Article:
When we align ourselves with the primary action of each season, we can harness the energy that permeates the natural world and, thus, facilitate our own transitions. During autumn, as we witness the falling of leaves, we open to the energy of shedding and ask ourselves, “What is it time to let go of?” In winter, as we watch the stillness settle over the land and notice the hibernation of our own soul, we ask, “What arises in my quiet and solitude?” In spring, the literal and metaphoric seeds that lay dormant for several months tentatively poke their heads through the warming earth then burst into full bloom. And in summer, we celebrate the fruits of our labor and enjoy the days of water and sunshine, asking ourselves, “What is it time to celebrate?”
On the threshold of spring, we begin to notice a quiet awakening within. The intentions that we set during the long days of winter, both for ourselves and our children, may have lain dormant these past months, but now we see the first green heads pushing through and realize that the dawn of something new is upon us. Spring is the season of hope and renewal when, encouraged by the increase of light and warmth, we find the energy to take the necessary action that can push the tentative new beginning into full awakening.
Now is the time to ask yourself: “What is longing to be born? If I set intentions on New Year’s, how can I draw upon the energy of renewal and call those intentions into action? What changes and rebirths do I observe in my children? What seeds of new beginnings were resting in the underground caverns of my child’s mind and are now bursting into fruition?”
Spring is green, tender, and alive. It’s the childhood stage of the seasons of transitions where innocence and purity permeate the atmosphere. (For a more detailed and graphic representation of each season, please see my Seasons of Transitions diagram.) As nature wakes from her winter slumber and you observe the first pale green leaves unfolding out of the buds, ask yourself, “What is childlike inside of me that wishes to come out? What is it that is longing to be born? What do I see in my child that is aching for release?”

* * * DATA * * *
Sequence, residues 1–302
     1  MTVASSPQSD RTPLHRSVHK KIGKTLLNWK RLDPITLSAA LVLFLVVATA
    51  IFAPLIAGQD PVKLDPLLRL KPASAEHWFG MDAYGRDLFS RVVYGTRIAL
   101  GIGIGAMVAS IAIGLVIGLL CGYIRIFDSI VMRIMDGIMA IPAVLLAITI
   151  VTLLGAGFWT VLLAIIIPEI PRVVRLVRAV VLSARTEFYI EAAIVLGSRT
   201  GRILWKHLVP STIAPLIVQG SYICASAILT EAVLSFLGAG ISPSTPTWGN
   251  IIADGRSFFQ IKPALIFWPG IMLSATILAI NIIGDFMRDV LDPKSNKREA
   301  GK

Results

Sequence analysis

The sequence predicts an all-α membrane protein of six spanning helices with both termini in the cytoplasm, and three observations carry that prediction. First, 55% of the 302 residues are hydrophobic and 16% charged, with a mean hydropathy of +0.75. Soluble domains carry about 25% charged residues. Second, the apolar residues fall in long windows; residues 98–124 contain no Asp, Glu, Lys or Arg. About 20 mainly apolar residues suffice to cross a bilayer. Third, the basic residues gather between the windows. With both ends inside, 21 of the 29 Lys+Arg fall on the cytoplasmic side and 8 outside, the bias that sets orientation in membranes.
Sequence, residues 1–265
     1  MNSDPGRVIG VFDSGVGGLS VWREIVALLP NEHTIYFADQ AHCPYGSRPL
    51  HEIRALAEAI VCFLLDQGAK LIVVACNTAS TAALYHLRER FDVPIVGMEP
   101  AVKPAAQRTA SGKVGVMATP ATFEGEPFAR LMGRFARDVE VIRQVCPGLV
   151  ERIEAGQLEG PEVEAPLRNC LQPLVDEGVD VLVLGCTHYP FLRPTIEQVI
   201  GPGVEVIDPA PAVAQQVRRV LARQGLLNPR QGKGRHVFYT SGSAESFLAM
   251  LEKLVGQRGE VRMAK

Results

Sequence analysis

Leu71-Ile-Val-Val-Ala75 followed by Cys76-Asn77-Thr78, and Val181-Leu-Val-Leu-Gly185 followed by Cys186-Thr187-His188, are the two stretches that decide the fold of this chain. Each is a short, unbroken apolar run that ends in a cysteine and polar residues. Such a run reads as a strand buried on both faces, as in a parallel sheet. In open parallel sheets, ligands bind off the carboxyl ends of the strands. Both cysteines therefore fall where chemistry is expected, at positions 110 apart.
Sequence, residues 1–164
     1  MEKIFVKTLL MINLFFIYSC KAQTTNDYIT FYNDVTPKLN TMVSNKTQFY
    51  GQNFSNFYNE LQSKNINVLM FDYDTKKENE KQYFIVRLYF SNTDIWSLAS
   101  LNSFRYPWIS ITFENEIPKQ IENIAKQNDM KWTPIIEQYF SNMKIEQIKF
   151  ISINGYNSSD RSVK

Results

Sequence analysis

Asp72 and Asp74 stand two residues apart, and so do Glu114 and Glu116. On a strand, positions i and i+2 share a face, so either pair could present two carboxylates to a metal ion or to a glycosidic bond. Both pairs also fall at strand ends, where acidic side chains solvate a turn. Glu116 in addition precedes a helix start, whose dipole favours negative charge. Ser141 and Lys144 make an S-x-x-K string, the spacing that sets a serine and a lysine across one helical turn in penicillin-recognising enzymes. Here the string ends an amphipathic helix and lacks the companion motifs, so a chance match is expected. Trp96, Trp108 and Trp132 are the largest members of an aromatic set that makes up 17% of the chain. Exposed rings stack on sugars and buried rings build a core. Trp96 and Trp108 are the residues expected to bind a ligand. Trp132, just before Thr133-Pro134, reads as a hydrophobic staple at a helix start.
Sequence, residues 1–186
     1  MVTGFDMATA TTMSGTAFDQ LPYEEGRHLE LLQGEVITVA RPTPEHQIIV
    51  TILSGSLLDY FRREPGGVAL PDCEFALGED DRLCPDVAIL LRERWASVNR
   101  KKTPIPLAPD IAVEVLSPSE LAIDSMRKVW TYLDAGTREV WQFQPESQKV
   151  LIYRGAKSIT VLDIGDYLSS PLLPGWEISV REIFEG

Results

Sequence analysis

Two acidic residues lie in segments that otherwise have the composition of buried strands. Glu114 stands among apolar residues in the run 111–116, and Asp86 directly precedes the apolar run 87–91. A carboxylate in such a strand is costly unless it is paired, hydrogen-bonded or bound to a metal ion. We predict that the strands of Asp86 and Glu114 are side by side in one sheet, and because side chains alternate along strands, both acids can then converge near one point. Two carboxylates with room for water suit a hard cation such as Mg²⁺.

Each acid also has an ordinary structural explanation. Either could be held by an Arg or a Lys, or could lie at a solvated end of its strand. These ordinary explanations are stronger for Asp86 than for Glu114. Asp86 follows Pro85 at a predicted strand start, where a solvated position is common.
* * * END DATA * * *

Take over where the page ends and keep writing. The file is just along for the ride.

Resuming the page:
Sometimes simply noticing the change of seasons is enough to facilitate an inner change. For example, last year I was counseling a mother of two girls. The younger girl enthusiastically threw herself into every new activity and seemed to exhibit little struggle with life. The older, on the other hand, was more cautious and sensitive, and had been struggling the previous summer with mastering the skill of riding a bike. The girl wanted desperately to ride a bike and join her neighborhood friends in their fun, but something was holding her back.
As spring neared and the weather warmed, my client and I discussed saying to her daughter, “Spring is here to help you learn this new skill. Just like the first crocuses that bravely show their heads even when the threat of winter is still near, you can find the courage to try to ride your bike again even when you’re scared. Perhaps you just weren’t ready last summer. I think you’re ready now. What do you think?” The girl said yes, she was ready and yes, she was still scared. The two of them then planned a special hike together in the early days of spring to observe the ways in which the season was birthing herself. They noticed the tiny green buds on the trees and the delicate blades of wild grasses popping up across the hillsides. They hiked for a few miles, then rested on the earth and felt the warm sun on their faces. When they returned home, the girl rode her bike alone for the first time successfully.
The early weeks of spring often bring a quality of restlessness. As hopeful and optimistic as this season is, there’s always an element of discomfort in the world of transitions. Said bluntly, change is hard, so even when the change is positive – like birthing a new part of yourself or watching your child master a new skill – there’s an itchiness of psyche that occurs when the old self or skill level falls away and the new one hasn’t fully emerged. In summer we celebrate with joyous abandon, but spring is still tentative, and there may be days when winter settles her snow over the land and we’re pulled back into the silent, underground world. When we understand these natural cycles of death and renewal, we can make space for them in our inner lives and help our children make sense of the process of change.
If winter was a season of sorrow, allow the light winds of spring to wash away the residue of grief. If winter was a season of sickness, let the freshness of spring restore you to health. If winter was a season of loss, notice the new life and rebirths that surround you. If winter was a season of silence, invite the birds of spring to bring song back into your life. If winter was a season of hopelessness, connect to the perennial signs of hope that rise up in the natural world as if to say, “Today is a new day. Today I can start something new and find that place of beginning within. Today I am alive and for that I am grateful. Today I see love manifest in the miracles of nature and I whisper a quiet but certain ‘Yes.’”
Through her websites Conscious Weddings and Conscious Motherhood, her blog Conscious Transitions, and books, Sheryl Paul helps people traverse the tricky terrain of transitions. She’s the author of The Conscious Bride and The Conscious Bride’s Wedding Planner and has appeared several times on The Oprah Winfrey Show, as well as on Good Morning America and several other international newspapers, radio, and television.